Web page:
By September 11, 2016 Uncategorized 2 Comments

I’ve been gone for a few weeks from the blogging scene. Some of my more regular readers no doubt noticed but did not hassle me about it.

Thank you for that.

For a variety of reasons, both personal and professional, I felt the need to temporarily refocus my time and energies.

My brain also needed a brief break from the vitriol, rancor, hyperbole, and insanity that is this year’s election cycle. Like many of you, I have never been so anxious to have an election be over and done with.

While I have been unplugged to a large degree, I have still been lurking in the shadows of social media; watching, listening, and contemplating.

All that to say I am ready to get back in the game.

The inspiration for this morning’s post came from a likely source, Senator Kyle Loveless (R-Dist 45), when he posted the following Facebook post:

“ESAs are the Uber of Education.” Really?!

While I can agree that Uber has transformed the concept of public transportation, I am unable to grasp why Senator Loveless believes Uber is a model worth replicating for public education.

Several of my adult children use Uber and have spoken positively about Uber’s lower cost and ease of use. Uber seems to have developed a creative approach to meeting our society’s high demand for speedy and reliable transportation, particularly in urban centers.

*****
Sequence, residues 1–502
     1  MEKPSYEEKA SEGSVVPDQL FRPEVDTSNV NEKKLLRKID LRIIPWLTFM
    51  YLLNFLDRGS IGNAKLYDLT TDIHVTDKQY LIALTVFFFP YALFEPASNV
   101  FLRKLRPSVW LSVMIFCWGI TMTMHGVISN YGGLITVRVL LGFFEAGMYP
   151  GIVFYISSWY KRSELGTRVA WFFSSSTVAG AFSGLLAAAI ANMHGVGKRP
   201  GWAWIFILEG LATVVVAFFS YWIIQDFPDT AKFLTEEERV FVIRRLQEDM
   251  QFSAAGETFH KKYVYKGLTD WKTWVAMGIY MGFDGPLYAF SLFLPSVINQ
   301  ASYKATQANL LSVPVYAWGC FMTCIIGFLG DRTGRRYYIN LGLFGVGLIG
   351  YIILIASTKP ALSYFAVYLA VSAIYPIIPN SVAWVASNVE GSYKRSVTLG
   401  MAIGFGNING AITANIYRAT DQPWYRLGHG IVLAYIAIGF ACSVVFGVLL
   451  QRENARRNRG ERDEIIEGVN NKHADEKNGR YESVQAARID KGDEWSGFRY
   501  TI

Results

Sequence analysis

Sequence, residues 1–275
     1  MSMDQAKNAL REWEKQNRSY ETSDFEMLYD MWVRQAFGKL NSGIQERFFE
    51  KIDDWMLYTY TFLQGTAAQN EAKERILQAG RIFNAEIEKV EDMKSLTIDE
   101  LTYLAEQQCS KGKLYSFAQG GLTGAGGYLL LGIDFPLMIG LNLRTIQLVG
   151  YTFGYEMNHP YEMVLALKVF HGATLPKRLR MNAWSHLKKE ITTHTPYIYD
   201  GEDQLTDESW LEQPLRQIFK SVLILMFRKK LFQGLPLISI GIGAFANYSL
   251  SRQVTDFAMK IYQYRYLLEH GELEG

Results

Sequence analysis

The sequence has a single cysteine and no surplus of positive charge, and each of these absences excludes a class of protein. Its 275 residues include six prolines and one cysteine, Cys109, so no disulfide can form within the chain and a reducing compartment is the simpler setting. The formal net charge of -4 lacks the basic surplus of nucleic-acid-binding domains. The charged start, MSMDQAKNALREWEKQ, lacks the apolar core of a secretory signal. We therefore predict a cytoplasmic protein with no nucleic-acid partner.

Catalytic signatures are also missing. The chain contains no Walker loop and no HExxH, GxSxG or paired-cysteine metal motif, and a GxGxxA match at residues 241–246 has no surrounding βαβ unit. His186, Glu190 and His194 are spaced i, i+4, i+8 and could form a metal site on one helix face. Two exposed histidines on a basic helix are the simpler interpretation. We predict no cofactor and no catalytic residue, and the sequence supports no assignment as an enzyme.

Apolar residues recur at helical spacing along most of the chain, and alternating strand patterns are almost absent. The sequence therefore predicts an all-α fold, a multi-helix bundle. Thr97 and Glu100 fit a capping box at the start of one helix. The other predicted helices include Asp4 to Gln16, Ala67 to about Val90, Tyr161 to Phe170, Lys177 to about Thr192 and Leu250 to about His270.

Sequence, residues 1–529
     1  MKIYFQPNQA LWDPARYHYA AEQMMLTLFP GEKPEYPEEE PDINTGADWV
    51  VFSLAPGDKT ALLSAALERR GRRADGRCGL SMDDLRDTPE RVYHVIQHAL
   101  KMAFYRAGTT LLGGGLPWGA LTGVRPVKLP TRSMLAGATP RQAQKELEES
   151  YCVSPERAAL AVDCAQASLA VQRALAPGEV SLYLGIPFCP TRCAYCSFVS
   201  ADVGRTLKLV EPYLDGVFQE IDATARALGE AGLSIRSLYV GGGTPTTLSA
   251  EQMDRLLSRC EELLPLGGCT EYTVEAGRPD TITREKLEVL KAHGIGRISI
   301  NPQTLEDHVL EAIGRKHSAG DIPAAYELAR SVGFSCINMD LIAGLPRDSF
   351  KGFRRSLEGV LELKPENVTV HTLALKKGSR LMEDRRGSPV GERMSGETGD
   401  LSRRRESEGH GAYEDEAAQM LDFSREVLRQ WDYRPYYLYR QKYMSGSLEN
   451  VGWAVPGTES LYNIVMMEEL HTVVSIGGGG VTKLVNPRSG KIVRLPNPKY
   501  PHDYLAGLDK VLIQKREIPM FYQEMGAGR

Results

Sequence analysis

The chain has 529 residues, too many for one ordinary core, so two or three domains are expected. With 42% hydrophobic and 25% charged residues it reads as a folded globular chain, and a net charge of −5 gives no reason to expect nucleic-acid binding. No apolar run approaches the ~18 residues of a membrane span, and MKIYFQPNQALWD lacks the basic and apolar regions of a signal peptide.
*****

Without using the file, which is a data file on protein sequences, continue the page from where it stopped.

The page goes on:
But using Uber as a metaphor for school choice is overly simplistic and inaccurate.

In case you have forgotten, ESAs are shorthand for Education Savings Accounts, which are shorthand for vouchers, which are shorthand for distributing public money to mostly wealthy white people to help offset the cost of private school tuition.

ESAs – under the guise of parent choice are also the vehicle by which a small, but influential group of people hope to reestablish a Neo-Plessian, separate but equal, education for America’s children.

I may be naïve, but I don’t believe that most reformers, Loveless included, want to resegregate our schools in such a disgusting matter. I don’t believe they intend to inflict more divisiveness on society. But, it is precisely what will happen.

I suspect that people like Senator Loveless just like to impose their opinions on systems without having a clue about the way that they function. In this case, they haven’t taken the time or effort to truly study the issue of school vouchers and fully grasp the potential negative implications for our neediest children.

A few questions for Senator Loveless: